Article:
Context matters for vision-strategy formulations (see figure 1). They influence the rationale for the adoption of a particular strategy block. Contexts define what a strategy/policy is and aimed at. They are the reasons for adopting a particular vision strategy.
There are four contextual factors affecting or influencing the choice of strategy and policy:
- Rapid population growth and the growing demand for basic needs is one contextual factor affecting choices. In Ethiopia, the population grows 3% annually, it’s doubling time is 25 years, and the age structure is dominated by children and young adults.
- There are different stages and processes of economic development, each with a different set of economic characteristics (Porter 1990). Different growth factors play different roles at different stages of development. Ethiopia finds itself now at a factor-driven stage, in which competitive advantage is based exclusively on endowments of labor and natural resources.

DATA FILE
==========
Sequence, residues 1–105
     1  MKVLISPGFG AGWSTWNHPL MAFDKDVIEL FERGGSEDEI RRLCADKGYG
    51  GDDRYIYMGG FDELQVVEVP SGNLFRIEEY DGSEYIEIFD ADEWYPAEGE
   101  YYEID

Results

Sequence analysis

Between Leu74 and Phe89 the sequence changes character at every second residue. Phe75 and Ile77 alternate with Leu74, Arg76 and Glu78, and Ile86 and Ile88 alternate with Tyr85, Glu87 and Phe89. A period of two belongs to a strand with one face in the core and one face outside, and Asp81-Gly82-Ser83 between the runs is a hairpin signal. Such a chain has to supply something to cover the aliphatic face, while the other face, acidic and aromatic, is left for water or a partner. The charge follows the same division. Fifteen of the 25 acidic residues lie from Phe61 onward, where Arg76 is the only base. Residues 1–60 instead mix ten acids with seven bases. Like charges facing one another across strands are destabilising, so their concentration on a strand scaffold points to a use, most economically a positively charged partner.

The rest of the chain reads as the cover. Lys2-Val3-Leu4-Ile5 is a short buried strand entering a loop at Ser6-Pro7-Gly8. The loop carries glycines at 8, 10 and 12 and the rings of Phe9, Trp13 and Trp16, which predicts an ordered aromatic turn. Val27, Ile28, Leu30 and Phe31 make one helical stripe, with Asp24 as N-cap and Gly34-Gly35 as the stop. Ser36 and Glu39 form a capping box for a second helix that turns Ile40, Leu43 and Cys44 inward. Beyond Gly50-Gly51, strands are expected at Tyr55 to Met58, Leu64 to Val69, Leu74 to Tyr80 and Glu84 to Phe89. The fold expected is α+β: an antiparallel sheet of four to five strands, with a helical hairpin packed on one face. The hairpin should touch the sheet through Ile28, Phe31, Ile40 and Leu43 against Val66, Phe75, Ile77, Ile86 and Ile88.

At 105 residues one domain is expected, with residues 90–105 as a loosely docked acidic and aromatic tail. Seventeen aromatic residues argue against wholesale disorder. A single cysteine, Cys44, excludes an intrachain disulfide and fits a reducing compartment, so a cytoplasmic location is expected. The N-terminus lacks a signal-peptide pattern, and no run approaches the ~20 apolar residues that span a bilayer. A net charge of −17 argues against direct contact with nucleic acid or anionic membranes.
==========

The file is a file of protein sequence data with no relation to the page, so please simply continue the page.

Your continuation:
- Ethiopia’s economy is structurally dependent on the behavior of other country’s economy and politics. It is necessary to reduce the country’s dependency on imports and strengthen from within and create a national economy based on domestic production.
- Strategy and policy suggestions should not be blind to spatial variations and level of local economic development: the character of uneven and unbalanced growth of towns, differences in overlapping markets or functional areas, a network of economic flows, the concentration of surplus labor and unemployment, regional income inequality, availability of natural resources, etc. It is therefore necessary to consider comprehensive geography of functional economic areas.
To sum up, a given recommendation is considered as a strategy if it addresses basic need gaps, reduces economic dependency, and has large spillover effects and if it provides a substantial infrastructure for local economic development.
የትህነግ የኢኮኖሚ አሻጥር